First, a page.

How to prepare for climate change in England 2021

Climate change may have seemed slightly relevant ten years ago, where a conversation around it could die down quickly. Today, however, the term climate change invokes a strong response out of most in the room, whether in favour or denial. It’s become apparent that we can’t ignore the issue anymore. It’s starting to have real repercussions on our lives, and they will only worsen with time.


What will climate change in England look like?

The UK is a hub of industrial activity which means it has already seen pollution firsthand. But, climate change is more than the corrupt quality of air. It penetrates all levels of our lives. For example, citizens have begun to notice that warm sunny days have become more common and prolonged, which is just a snippet of what is to come.

Weather hazards:

If the emission levels do not go down and temperatures rise, England could soon lose its typical cold weather. Instead, the summers are likely to be drastically dry and scorchingly hot.

In comparison, the winters will also become just as severe, with heavy rainfall and bone-chilling temperatures. As a result, stepping foot outside is soon going to become a trivial task all year round. In addition, diseases not so common to the region may also appear as the weather changes, adding to the health risks of a climate crisis.

Natural disasters:

With the change in weather patterns, flooding is also a prominent threat for England, and it will also affect crop health. Hence, food supplies will be upset. Severe winds could damage cable networks and transformers as well.

Humanitarian issues:

Some areas won’t be able to produce necessary food supplies, and it will affect nearby localities. Incomes in the farming sector will suffer, and many regions may experience food shortages. All in all, England will face severe setbacks at the hands of the climate crisis. Citizens need to prepare fast and with as much caution as possible.

How can you prepare for Climate Change in England?

Governments have time and time again talked about lowering greenhouse gas emissions. However, that is a task that will be accomplished with a lot of policymaking and time. Meanwhile, citizens can’t sit around and hope one day the climate crisis will revert itself. Instead, they need to begin making an active effort to curb its impacts on their lives. These are a few of the practices you can implement on an individual or communal level.

Preventive measures:

Flooding of surface water has become a significant area of concern for many. Drainage systems aren’t adequately operating, and as a result, water tends to hover above the surface after heavy rainfall. A few ways to deal with this could be first to make sure your property is at an elevated point. If your house is built higher, the water is unlikely to persist or enter your building.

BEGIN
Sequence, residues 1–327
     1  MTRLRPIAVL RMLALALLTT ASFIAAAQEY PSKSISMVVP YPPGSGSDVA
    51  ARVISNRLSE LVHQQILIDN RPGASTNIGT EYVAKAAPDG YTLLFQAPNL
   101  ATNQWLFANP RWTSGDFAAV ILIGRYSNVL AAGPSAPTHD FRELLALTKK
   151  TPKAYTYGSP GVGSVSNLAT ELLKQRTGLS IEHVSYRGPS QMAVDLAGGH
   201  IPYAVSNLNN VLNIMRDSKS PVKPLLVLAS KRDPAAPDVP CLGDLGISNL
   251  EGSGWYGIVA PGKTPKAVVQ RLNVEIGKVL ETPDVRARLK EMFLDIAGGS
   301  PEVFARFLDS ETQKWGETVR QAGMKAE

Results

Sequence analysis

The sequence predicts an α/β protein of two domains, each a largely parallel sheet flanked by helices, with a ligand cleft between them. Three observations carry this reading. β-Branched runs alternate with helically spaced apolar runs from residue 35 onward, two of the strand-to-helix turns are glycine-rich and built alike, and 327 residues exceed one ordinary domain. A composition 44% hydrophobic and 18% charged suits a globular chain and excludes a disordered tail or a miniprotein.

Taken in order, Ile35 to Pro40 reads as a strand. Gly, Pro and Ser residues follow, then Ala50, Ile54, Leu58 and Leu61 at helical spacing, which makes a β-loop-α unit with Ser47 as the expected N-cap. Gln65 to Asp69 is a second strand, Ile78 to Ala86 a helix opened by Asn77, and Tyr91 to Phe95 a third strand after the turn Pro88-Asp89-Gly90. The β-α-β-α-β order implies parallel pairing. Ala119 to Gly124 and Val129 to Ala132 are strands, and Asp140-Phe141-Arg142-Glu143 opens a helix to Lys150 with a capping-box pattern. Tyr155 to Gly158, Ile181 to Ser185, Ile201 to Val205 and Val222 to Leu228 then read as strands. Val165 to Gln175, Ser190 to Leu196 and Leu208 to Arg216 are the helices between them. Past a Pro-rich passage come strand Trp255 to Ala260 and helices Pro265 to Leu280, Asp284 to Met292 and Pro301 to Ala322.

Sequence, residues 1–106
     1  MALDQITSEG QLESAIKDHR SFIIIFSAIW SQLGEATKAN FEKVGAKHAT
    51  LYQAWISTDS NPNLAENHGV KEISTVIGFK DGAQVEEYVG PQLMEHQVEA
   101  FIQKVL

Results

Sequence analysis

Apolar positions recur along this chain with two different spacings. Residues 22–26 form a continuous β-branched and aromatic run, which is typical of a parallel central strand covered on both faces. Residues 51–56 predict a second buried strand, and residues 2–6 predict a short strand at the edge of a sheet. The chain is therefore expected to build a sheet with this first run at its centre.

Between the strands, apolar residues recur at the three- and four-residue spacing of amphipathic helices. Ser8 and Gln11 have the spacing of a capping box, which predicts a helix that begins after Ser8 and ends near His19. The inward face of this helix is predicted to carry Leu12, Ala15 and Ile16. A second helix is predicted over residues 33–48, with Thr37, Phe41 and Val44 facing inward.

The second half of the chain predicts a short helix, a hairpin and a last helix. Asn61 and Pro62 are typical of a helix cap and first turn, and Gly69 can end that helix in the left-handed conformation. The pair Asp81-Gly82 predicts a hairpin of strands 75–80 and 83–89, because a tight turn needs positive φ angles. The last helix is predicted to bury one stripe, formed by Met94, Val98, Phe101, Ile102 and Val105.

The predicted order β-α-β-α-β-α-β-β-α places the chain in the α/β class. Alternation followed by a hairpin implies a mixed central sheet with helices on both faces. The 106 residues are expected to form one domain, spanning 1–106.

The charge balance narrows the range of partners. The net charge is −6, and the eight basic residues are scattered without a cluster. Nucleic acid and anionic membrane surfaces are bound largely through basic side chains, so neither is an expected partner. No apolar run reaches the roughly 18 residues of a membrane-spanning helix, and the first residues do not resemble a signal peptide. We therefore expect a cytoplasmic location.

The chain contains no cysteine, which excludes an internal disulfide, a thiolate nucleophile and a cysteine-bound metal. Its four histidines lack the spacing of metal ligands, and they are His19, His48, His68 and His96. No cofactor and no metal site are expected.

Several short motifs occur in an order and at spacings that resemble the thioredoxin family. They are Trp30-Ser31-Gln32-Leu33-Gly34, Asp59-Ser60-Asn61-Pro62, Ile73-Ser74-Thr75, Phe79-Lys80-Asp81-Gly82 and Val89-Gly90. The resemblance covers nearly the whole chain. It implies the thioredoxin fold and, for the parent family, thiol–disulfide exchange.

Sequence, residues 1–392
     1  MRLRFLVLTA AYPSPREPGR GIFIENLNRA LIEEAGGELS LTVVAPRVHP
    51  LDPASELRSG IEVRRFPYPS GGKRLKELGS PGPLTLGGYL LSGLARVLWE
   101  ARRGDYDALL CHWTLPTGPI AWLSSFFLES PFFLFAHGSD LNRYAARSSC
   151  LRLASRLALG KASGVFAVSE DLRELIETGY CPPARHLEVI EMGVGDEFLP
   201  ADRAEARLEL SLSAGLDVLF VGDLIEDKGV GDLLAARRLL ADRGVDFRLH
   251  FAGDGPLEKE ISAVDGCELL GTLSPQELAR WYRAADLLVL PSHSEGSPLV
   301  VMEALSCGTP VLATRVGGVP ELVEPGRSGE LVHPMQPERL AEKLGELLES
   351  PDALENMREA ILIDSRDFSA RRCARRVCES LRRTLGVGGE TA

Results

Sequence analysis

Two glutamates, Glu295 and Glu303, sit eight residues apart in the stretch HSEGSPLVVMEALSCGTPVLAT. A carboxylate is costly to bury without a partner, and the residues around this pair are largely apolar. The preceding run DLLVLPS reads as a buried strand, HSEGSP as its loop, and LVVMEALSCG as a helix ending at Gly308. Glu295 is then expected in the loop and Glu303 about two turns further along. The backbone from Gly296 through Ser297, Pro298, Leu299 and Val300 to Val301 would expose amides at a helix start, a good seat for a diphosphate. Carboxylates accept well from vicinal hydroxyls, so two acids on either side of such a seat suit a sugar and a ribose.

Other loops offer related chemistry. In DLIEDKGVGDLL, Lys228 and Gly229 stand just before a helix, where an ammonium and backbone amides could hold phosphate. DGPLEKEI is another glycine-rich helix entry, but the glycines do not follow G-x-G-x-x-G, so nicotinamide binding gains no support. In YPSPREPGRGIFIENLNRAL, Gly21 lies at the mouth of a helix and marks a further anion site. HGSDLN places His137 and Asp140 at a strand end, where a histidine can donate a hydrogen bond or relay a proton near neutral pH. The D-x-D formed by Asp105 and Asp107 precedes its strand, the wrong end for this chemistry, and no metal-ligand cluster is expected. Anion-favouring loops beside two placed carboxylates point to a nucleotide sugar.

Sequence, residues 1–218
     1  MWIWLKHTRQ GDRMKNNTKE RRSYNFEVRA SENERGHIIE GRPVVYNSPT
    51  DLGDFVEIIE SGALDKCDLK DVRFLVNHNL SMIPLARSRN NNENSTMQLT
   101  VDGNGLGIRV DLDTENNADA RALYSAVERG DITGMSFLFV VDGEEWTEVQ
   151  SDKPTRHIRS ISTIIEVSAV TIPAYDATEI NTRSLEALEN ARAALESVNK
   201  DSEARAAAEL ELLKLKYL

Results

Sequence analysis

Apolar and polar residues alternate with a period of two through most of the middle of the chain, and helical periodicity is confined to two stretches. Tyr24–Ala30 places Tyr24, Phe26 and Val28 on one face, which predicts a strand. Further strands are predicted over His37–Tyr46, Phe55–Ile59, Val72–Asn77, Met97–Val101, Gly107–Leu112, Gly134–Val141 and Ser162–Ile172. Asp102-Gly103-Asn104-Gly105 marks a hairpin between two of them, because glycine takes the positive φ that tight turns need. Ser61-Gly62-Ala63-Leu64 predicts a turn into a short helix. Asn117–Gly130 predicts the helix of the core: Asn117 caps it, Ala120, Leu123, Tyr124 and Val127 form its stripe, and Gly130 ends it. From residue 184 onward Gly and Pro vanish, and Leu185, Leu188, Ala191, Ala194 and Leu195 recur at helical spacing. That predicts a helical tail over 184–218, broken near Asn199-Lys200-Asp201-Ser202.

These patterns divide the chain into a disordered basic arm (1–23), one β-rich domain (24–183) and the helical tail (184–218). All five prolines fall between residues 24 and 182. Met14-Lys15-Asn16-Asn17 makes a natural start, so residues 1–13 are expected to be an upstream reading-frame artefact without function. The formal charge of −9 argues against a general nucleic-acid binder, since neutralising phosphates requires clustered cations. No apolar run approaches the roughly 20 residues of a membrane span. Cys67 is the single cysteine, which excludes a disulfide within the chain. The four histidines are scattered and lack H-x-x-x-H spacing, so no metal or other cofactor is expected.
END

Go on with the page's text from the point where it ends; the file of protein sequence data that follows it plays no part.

However, if relocating is not possible, you should sign up for flood insurance on all essential items. If the surface water rises and a full-on flood follows, having everything insured will help you deal with the aftermath in a less burdening manner.

Conservation strategies:

  • You can set up a water butt to collect the excess water. Data shows that gardens tend to take up a large quantity of water every day. Since plants don’t require filtered water, this stored water should be a good substitute.
  • To minimise the use of air conditioners and other CFC-producing devices in the summer, you can cover windows with blinds. This can help in keeping the temperature down.
  • Switching the gas stove for an electric one will put a cap on your bill and prevent excess gas emissions. In addition, the heat will remain inside the house instead of escaping out and adding heat to the surroundings.
  • Every day, waste food is dumped into oceans or waste yards, increasing water or land pollution. This food can be utilised to feed the needy instead of letting it go unused. Communities can come together to donate excess food to charity organisations or nearby localities suffering from a food shortage.


Final word:

Policy and action by governmental agencies will take the kind of time we do not have right now. So it has come down to individual efforts, and citizens can go a long way to ensure they have protection against the climate crisis. These lifestyle changes aren’t too hard to implement, but they’re going to leave you faring way better off in the future.

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